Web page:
• Priscilla Domínguez

I wasn’t sad taking down my Christmas decorations—this is why I am concerned about it.

Most people I know love the holidays. For some, the festive mood kicks off in October with the anticipation of dressing up in scary or funny costumes or sitting at home with freshly popped popcorn and a lineup of scary movies to keep them up late at night. For others, it starts with the only day of the year where it is 100% expected to wear stretchy pants to the dinner table—Thanksgiving. Whenever the holiday season begins for you, most people I know enjoy this time of year because of all of the festivities and all-around good times that people want to have. We are more willing to spend our free time with others and feel charitable to those who have been wanting all year. We want to be a better version of ourselves at this time of year.

When I was growing up and living with my parents, my mom always hit an eventual and depressive funk after Christmas. Taking down the decorations to be put back into their dark corners of the attic for the next 11 months brought a gloom over my mom for the next few weeks. The darkness that accompanies the rest of the year was an unwelcome familiarity for her.

When I got older and moved away, I began having these same melancholy feeling as I folded up the small set of string lights, I hung around my apartment window. They were not the extravagant show that I helped my brother string along our rooflines in our childhood, but they still had the same feelings of warmth, family, love, and hope that I experienced around the holidays. Granted, my family drives me crazy just as much as any other family, but I wouldn’t trade that feeling of getting a morning Christmas hug from my mother for anything else. The holidays are a time that no matter where we are in our lives, my siblings and I come together with our parents and enjoy merely being each other’s presence.

This year, I put away my first tree and stockings that I shared with my husband. Our first Christmas as a married couple went off with any significant hick-ups and left only warm feelings and full bellies. The difference I noticed this year was that I was not sad to see the red, white, and silver decorations of my tree being packed away for their 11-month hibernation. I didn’t feel that pressure of sadness in my chest that I usually get as I squeezed the seemingly impossibly shaped tree into its small box. I was numb to it all. I didn’t think much of this numbness until my best friend mentioned that she too was done seeing Christmas—she welcomed the end of the season. It made me think about why I no longer felt that pang of heartache anymore.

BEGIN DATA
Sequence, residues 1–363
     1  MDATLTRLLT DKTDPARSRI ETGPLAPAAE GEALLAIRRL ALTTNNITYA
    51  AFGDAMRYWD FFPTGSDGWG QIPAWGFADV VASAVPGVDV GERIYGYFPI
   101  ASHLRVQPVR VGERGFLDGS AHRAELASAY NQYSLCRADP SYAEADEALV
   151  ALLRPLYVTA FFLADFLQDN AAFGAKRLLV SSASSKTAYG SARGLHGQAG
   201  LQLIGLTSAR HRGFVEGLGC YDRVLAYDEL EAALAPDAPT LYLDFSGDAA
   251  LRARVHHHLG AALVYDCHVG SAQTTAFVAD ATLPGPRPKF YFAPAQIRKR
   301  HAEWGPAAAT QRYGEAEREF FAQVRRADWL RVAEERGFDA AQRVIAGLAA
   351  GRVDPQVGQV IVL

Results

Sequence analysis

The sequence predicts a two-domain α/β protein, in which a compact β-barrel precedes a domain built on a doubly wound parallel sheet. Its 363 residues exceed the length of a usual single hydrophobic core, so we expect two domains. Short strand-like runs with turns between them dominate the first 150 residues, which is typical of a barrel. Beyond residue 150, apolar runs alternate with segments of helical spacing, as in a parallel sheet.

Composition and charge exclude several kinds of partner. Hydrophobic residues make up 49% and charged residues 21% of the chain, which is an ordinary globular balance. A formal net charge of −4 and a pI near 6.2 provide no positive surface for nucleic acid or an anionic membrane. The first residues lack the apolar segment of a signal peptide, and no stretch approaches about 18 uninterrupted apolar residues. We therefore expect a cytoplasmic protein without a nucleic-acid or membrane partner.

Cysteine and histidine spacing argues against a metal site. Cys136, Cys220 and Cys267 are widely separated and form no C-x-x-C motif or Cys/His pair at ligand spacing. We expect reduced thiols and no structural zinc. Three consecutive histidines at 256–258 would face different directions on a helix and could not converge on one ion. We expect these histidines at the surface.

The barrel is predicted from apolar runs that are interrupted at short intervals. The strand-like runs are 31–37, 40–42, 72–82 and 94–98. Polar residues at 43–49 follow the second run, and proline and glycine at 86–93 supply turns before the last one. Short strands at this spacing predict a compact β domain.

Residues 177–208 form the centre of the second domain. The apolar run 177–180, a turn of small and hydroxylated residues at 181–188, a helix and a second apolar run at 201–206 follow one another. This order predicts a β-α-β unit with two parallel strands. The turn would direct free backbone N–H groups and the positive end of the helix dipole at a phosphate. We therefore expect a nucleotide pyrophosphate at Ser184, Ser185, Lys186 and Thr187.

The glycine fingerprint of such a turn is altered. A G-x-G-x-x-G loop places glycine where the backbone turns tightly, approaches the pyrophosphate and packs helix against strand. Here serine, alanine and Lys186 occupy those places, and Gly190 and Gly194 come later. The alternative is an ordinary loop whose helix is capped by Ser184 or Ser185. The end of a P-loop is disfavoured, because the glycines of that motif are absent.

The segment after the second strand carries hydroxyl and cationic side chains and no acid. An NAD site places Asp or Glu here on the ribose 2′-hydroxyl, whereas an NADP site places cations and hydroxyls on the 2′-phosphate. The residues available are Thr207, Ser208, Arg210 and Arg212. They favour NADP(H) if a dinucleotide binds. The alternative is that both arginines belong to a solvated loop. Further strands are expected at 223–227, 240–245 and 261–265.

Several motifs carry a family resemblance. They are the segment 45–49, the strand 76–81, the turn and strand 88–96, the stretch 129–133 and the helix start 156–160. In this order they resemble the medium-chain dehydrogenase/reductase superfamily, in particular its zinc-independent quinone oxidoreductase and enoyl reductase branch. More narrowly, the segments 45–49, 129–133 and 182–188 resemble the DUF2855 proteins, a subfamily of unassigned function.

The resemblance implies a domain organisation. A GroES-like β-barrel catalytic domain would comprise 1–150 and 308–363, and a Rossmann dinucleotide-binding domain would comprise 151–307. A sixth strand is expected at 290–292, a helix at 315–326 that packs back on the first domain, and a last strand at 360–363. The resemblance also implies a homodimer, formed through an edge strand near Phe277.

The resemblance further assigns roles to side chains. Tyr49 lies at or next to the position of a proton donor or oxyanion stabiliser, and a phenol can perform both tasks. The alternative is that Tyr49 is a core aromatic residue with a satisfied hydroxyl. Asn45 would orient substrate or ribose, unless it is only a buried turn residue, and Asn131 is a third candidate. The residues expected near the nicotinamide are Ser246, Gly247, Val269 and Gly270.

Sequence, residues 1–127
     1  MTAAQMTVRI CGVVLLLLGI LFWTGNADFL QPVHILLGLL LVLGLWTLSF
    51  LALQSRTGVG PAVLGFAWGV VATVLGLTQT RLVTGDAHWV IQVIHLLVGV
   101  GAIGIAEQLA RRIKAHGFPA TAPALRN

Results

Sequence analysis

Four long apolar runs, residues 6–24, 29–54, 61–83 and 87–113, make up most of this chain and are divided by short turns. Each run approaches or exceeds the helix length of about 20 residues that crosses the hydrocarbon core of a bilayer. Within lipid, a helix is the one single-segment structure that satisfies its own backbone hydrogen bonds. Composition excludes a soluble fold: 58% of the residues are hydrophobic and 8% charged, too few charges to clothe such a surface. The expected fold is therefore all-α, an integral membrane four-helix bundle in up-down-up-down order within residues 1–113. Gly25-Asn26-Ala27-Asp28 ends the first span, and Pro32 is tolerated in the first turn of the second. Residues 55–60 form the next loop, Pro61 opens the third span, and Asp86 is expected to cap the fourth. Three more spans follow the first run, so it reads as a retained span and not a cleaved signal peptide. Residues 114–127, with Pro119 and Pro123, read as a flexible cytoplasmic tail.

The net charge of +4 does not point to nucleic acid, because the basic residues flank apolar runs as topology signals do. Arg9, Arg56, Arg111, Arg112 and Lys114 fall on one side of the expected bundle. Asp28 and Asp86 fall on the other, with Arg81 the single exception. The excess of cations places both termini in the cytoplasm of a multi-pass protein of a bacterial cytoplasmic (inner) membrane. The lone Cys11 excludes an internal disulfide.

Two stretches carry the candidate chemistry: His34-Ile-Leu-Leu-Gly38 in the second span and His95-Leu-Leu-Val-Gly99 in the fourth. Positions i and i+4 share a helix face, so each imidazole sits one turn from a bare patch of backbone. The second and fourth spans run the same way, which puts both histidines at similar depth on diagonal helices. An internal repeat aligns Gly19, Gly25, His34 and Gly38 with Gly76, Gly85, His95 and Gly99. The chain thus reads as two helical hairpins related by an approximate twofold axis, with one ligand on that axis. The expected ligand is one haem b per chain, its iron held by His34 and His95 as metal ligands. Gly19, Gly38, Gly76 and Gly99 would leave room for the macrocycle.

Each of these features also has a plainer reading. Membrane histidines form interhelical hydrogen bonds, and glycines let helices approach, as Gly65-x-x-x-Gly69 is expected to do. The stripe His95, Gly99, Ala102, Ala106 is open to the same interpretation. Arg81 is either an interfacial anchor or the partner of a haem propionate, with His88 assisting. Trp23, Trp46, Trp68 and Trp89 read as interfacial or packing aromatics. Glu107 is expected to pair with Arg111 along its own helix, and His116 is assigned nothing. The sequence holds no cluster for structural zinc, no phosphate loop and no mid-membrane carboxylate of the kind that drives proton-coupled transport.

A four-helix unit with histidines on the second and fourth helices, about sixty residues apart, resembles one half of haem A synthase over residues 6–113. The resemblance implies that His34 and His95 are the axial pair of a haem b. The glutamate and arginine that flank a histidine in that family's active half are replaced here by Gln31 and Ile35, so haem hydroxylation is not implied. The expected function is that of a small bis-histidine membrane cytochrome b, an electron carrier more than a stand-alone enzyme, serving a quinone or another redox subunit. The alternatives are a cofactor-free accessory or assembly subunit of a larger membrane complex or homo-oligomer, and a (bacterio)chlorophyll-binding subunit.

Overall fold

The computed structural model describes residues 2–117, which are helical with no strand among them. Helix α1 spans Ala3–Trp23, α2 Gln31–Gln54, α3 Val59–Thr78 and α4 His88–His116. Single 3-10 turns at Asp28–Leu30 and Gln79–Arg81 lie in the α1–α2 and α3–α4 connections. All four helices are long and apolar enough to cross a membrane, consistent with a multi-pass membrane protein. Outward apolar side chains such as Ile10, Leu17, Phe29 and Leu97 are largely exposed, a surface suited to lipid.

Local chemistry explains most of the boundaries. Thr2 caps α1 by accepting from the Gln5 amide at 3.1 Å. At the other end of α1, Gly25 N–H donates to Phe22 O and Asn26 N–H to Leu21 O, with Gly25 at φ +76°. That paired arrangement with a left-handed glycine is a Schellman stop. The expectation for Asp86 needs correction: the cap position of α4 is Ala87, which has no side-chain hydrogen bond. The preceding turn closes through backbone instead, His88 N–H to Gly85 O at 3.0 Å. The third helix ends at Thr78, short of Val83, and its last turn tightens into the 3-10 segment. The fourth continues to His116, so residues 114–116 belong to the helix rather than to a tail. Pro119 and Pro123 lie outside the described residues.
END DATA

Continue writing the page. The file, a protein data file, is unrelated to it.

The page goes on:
On my way to work, the first day back after a two-week holiday vacation, it came to me that I no longer have the optimism for the new year as I did in previous years. The glitter of Christmas lights was a signal that most people also have that feeling of camaraderie and betterment. Most everyone is in good moods because this time of year calls to be kind to one another and think of those that are less fortunate than themself. This idea carries us into the new year. Resolutions are an attempt to have that warm feeling of caring to be a launching pad for people to be more conscientious and improve ourselves. Now, I feel like the new year doesn’t have the same regenerative and “clean slate” feeling that it used to have. The phrase in the last few years, “New year, new you” has an empty meaning to it. Am I more cynical than my younger self? Perhaps. But I think it's because I now know as an adult that there are forces outside of myself that I'm concerned about, and I am no longer preoccupied with me as a singular person and more concerned with the outside world as a whole.

The 2019 holiday season was suffocated by the weight of misfortune and distrust in the world. The news cycle constantly reminded us that Australia was (and still is) burning and debates as to whether the president has once again ignored the democratic process to cover his own ass. These and other all-around bad news, needless to say, gave me little hope that the situation of our world is repairable. Even the glinting, colorful houses lining streets was not enough of a distraction from the heaviness of the outside world. Every day I see a new cause that needs my attention, and knowing that there is little that I can do to help or stop these injustices is one of the most infuriating and frustrating feelings I experience. I wasn’t sad to put away my Christmas tree because I no longer have much hope for fighting for what I believe is right. I feel beaten down, hopeless, and helpless.

The idea to be better and care for your fellow neighbor is no longer evident with how much division is in the world, and the holiday season was not enough to give me optimism and miss the higher point of the year. It felt like just any other part of another shitty year. I hate to feel like I have given up, but with the continual reminder that there is a good chance 45 could win another term and the democratic presidential candidates getting more vanilla and male by the day is disheartening.

I don’t want to say that I have entirely given up. I see this extra-terrible time as the shitshow before it gets better, but I can’t help but ask, when does the better times start?

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